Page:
Contributed from Victoria
The Albanese Labor government has won public support for its climate policy. It deserves to have done so. The 43 percent carbon reduction target by 2030 is not yet enough to ensure Australia makes its contribution towards preventing disastrous climate change. But the Albanese government has contributed to lifting the debate to a higher level, which is a significant change from the Scott Morrison era of cover ups and lies, to cover up going backwards.
Labor’s position is far more in accord with the public opinion clearly revealed in May’s election.
Why then, has the go ahead been given for new oil and gas exploration and questionable offshore carbon capture projects to Woodside Energy and Inpex? Both were announced this week at a mining resources conference in Darwin. This goes against the government’s own policy.
The new exploration involves more than 46,000 square kilometres of Commonwealth waters to exploration across 10 sites, and further permits may be pending. It’s not small stuff and will add significantly to total carbon emissions.
Photo from ConocoPhillips
The justifications made for this is a need to secure future energy supplies in a world where this is becoming less certain, and that the economy and the price of oil and gas need an increase in supply to pull down prices.
Both are wrong and short-sighted. The best way to ensure future energy supply is to invest in and support the growth of renewables. High prices for oil and gas are driven by being pegged to global prices and exporting most of our oil and gas. Decoupling from global prices and cutting back on exporting them would bring down the price overnight.
It’s highly likely that what is preventing this is that the government wants to keep the industry onside and not a set a precedent that will bring it grief from the mining industry as a whole. Remember that these companies are major financial contributors to the Australian political scene and funders of election campaigns. They have clout.
The other problem is that Australia remains far from having a comprehensive policy to drive towards a clean energy future. Responses are still ad hock and often unconnected. This will not change until there is a comprehensive national plan that not only sets an adequate carbon reduction target.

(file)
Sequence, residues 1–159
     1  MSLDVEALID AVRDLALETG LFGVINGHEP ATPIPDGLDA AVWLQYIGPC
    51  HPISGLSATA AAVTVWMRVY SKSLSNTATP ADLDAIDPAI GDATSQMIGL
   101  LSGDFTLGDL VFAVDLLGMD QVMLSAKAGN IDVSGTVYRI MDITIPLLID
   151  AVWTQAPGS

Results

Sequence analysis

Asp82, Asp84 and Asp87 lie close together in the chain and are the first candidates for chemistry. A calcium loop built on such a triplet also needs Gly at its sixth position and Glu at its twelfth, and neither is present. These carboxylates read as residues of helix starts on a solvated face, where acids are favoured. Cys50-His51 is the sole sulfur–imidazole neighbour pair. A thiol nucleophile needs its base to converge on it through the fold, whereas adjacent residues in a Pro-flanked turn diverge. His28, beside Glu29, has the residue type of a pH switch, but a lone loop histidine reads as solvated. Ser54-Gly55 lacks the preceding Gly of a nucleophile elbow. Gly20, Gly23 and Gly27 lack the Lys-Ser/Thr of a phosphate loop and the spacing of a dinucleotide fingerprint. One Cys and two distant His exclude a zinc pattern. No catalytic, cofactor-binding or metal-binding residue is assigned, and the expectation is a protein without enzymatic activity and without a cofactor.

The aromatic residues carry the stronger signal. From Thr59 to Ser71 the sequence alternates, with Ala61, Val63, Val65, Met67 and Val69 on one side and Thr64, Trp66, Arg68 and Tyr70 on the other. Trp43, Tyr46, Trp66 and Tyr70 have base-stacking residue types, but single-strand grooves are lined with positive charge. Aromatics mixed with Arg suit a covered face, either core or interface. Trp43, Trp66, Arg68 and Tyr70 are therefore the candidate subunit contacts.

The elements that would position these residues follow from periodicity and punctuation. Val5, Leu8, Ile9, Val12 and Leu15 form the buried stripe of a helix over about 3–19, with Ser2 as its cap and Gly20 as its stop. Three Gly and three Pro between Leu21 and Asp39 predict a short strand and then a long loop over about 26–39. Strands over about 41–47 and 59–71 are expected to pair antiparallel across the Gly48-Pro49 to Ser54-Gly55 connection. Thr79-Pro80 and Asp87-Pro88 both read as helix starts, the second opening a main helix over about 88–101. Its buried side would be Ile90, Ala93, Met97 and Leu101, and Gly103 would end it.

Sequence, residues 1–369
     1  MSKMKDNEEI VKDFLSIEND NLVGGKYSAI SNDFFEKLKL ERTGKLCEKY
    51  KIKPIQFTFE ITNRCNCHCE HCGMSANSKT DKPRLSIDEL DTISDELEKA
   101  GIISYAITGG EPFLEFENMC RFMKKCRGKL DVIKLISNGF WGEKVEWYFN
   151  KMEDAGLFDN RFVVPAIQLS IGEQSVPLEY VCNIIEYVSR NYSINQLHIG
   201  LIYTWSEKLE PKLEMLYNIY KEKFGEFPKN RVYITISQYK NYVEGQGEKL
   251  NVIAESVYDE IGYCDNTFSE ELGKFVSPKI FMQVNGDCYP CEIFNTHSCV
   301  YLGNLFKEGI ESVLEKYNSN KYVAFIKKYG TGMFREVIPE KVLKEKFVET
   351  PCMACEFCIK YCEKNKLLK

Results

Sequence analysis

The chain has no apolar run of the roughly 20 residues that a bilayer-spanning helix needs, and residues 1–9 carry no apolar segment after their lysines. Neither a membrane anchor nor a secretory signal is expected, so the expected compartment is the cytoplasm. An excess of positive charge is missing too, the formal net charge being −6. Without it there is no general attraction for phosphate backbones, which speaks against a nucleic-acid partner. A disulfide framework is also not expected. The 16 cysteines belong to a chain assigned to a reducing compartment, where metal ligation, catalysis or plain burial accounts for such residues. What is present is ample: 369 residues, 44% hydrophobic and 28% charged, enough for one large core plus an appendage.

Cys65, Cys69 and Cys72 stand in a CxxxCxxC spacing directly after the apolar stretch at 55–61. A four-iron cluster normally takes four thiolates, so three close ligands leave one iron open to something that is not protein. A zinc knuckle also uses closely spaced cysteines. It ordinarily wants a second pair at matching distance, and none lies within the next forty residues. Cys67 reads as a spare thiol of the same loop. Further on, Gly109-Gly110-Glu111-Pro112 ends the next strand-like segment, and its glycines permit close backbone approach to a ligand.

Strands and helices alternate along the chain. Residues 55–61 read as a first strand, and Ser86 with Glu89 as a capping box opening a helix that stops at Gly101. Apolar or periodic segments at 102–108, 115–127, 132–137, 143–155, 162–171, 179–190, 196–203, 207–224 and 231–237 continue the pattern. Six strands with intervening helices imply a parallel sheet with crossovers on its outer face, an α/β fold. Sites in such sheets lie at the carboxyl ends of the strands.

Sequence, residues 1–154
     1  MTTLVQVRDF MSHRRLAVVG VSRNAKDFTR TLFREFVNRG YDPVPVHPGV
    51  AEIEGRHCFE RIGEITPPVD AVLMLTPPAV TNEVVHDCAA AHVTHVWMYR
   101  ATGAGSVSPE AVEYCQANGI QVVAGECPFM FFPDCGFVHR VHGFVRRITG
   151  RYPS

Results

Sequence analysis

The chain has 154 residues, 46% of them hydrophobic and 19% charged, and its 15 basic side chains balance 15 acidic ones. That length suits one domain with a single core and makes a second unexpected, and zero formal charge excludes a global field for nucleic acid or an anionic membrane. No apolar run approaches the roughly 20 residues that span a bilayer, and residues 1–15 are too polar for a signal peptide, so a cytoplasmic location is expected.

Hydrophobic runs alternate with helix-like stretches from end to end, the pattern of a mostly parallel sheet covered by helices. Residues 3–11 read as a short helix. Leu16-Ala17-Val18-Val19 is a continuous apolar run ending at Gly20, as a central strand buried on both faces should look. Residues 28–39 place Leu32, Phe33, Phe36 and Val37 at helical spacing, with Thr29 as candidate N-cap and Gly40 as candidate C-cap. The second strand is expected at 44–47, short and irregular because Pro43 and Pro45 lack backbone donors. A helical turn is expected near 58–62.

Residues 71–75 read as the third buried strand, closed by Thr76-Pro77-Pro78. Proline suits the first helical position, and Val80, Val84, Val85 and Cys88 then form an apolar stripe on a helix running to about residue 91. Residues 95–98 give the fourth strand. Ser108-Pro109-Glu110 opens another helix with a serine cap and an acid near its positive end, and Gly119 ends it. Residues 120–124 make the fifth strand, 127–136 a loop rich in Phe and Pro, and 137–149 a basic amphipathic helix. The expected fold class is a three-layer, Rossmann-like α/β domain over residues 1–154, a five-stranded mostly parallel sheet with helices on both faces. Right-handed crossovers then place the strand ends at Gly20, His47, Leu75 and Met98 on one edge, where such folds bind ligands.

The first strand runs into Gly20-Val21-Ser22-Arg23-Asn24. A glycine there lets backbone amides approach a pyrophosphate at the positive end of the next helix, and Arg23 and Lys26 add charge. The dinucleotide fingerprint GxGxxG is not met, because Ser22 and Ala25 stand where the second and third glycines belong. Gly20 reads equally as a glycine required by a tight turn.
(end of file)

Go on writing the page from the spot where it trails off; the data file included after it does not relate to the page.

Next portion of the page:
It also sets the course for decoupling the economy from dependence on fossil fuels through new technologies, methods, and creating new environments. New ways of organising the economy should be considered. The population must support and be involved in bringing about the change.
Photo from Stefano Boeri Architetti: Concept China’s Liuzhou Forest City is now being built for 30,000 residents t live and work in an environment integrated to nature and almost eliminating carbon emissions. This is an example of what is possible.
This is a good point to draw attention to one of Extinction Rebellion’s major calls. This is the building of community assemblies that give people a voice and provide an opportunity to hold political leaders to account. Going down this road would be a major advance for Australia.
The strategy should be to build the broadest possible front to isolate interests wanting to maintain reliance on fossil fuel and render them completely ineffective. Focus on what unites and propels society forward. Not on what divides.
All this might be a big ask. It is necessary though. The alternative is to keep chugging along to a far more difficult future. Taking these changes on doesn’t mean failing to recognise that there must be a transition period. Care must be taken to ensure that the livelihoods of people are protected, and new real jobs created. Support for change will evaporate without this. The big but in it is, transition must be measured, and within a timeline and scale still allows us to move forward at a quick enough pace.
Expecting the Albanese government to suddenly solve the whole problem and not taking as balanced approach, is to avoid the fact that the responsibility is everyone’s. Press for more by all means. Just appreciate that the real difference will not be made in the parliament. It will be made by all of us making change in every corner of our society.
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